Few sitcoms have aged as well as Dad’s Army.
Whereas many of the comedy series of the seventies, now seem either inexcusably racist (Love Thy Neighbour) or just plain awful in their own right (On The Buses), forty years after its heyday, Dad’s Army looks better than ever. This is partly down to its period setting but not entirely. Laudatory though this 2002 history of the series is, author Graham McCann is absolutely right to praise the pitch perfect writing and casting of the series. And amazingly, despite running for nine years (1968-1977, much longer than the Second World War itself), Dad’s Army did not even run out of steam. Only Fawlty Towers and The Good Life have endured even half as well. And neither lasted as long as Dad’s Army.
It could have been so different. The series was originally to be called Fighting Tigers and co-creator Jimmy Perry originally conceived the series as a vehicle to get back into acting: he wrote the Private Walker spiv part eventually played by James Beck, specifically with himself in mind. He was hugely disappointed when the powers that be decided against casting him in the role. What’s more, future Doctor Who and Worzel Gummidge actor Jon Pertwee was seriously considered for the part of Captain Mainwaring while a young David Jason (already a dab hand at playing geriatrics) was offered Clive Dunn’s role of butcher cum Lance Corporal Jack Jones.
But the show was quick to enjoy success. Some actors were disarmingly similar to the characters they played, John Le Mesurier consciously played the laidback Sgt Wilson essentially as himself while many thought, Arthur Lowe was too quick to deny any similarity between himself and the pompous bank manager George Mainwaring. The masterstroke here, of course, was to switch the two actors between the two more obvious ranks. The middle class Mainwaring is frequently fuming with class resentment towards his public school educated sergeant. Wilson, himself, meanwhile is totally at ease talking to serving maids as anyone else and seems largely untroubled by the potential whiff of scandal hanging over his relationship with Mrs. Pike.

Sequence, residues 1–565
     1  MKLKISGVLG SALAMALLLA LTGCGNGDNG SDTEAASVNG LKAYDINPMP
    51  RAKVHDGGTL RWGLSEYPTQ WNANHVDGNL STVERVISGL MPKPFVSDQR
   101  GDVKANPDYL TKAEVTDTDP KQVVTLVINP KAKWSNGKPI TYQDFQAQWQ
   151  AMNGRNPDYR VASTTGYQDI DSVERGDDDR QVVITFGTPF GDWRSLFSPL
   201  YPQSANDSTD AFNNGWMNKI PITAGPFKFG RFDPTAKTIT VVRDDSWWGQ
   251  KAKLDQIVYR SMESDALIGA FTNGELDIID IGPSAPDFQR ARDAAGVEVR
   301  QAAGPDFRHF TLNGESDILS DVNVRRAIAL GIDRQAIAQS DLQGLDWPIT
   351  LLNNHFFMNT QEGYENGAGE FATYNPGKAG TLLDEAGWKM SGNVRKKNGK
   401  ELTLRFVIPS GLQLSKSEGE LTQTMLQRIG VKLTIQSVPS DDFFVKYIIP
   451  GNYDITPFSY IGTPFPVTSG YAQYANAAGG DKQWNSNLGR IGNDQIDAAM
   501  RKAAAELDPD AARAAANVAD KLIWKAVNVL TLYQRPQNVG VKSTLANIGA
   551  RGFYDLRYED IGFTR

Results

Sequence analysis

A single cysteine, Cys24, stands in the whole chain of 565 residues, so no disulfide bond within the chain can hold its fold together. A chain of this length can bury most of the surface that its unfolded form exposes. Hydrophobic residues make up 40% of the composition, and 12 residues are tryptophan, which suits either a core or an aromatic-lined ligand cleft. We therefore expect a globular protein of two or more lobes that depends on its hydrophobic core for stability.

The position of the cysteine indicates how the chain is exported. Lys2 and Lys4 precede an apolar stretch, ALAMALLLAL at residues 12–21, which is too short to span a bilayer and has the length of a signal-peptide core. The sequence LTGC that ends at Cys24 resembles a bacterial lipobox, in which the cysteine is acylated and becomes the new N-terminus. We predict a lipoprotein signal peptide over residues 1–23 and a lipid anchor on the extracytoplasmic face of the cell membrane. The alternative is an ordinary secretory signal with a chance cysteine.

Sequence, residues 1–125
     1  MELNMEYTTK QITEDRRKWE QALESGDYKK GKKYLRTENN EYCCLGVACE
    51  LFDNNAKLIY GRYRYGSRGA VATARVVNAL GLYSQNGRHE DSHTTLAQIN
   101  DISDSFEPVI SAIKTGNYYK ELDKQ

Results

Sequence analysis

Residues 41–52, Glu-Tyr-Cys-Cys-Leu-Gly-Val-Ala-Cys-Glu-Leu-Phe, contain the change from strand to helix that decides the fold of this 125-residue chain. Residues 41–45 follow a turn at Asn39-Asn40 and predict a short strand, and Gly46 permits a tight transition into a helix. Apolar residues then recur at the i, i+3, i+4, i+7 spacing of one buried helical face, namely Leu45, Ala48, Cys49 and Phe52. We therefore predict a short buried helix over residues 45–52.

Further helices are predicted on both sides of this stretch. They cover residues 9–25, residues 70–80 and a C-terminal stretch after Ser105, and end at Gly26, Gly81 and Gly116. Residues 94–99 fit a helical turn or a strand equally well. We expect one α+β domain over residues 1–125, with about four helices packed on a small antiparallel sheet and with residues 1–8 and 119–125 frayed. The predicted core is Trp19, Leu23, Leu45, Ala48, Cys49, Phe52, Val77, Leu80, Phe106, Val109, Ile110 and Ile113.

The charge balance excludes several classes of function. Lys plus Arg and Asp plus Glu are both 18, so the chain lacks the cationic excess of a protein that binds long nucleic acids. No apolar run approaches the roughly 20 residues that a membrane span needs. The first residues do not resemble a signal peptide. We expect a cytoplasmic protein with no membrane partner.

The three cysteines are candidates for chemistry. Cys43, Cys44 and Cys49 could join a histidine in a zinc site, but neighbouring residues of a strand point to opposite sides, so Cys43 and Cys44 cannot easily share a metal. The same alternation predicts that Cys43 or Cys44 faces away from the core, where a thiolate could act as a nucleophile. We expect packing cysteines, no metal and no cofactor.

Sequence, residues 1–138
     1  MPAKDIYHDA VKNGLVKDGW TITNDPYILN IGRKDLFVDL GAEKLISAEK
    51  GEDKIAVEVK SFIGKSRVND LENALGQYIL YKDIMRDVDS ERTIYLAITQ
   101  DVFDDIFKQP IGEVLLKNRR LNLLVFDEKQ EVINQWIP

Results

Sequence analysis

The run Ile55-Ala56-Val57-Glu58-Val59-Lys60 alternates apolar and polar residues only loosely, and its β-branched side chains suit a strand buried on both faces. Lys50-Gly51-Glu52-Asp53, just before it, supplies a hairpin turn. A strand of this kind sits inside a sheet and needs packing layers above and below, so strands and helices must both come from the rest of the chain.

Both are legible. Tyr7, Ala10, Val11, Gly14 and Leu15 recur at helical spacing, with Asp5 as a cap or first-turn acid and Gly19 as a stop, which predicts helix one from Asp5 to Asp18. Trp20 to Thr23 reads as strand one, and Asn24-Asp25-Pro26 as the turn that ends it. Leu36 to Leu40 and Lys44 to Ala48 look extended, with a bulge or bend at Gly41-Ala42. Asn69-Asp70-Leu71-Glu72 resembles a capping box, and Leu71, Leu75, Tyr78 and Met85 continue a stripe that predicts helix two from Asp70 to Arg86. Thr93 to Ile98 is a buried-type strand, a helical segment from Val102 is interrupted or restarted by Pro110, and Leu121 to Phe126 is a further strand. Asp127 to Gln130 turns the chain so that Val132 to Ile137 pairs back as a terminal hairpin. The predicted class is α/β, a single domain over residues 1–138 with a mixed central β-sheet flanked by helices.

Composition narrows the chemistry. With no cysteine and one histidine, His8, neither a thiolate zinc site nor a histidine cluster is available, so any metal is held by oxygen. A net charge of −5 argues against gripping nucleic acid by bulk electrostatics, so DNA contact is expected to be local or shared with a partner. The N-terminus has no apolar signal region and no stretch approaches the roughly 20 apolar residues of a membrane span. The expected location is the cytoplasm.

Others bore less resemblance to their roles. Arnold Ridley, who played the genteel Godfrey wrote the successful play Ghost Train and had been wounded in both World Wars while John Laurie (Frazer) bore many similarities to his character, but had not lived in Scotland for fifty years. Clive Dunn and Ian Lavender had little in common with Jones or Pike, though Dunn, like most of the main cast had war experience.
Although strong to the end, the show lost something with the sudden premature death of actor James Beck in 1973 and wound its way to a natural conclusion a few years after that.
Graham McCann’s excellent book reproduces the famously eccentric radio interview Ian Lavender (who played mummy’s boy Private Pike) from 1987. Having established, not very tactfully, that nearly all of the principal cast had died in the ensuing decade, the interviewer then asks bizarrely: “will you be making any more?”
And here is the final irony. In the thirteen years since this book came out, inevitably still more of the remaining cast and crew have died, notably Clive Dunn, writer David Croft, Bill “Warden Hodges” Pertwee, Pamela “Mrs Fox” Cundell. Virtually only Ian Lavender and Frank Williams, who played the vicar are left. And yet a new version of the story is planned, in the form of a film version scheduled for release next year.
Extreme foolishness or a good idea? Only time will tell if magic can strike twice.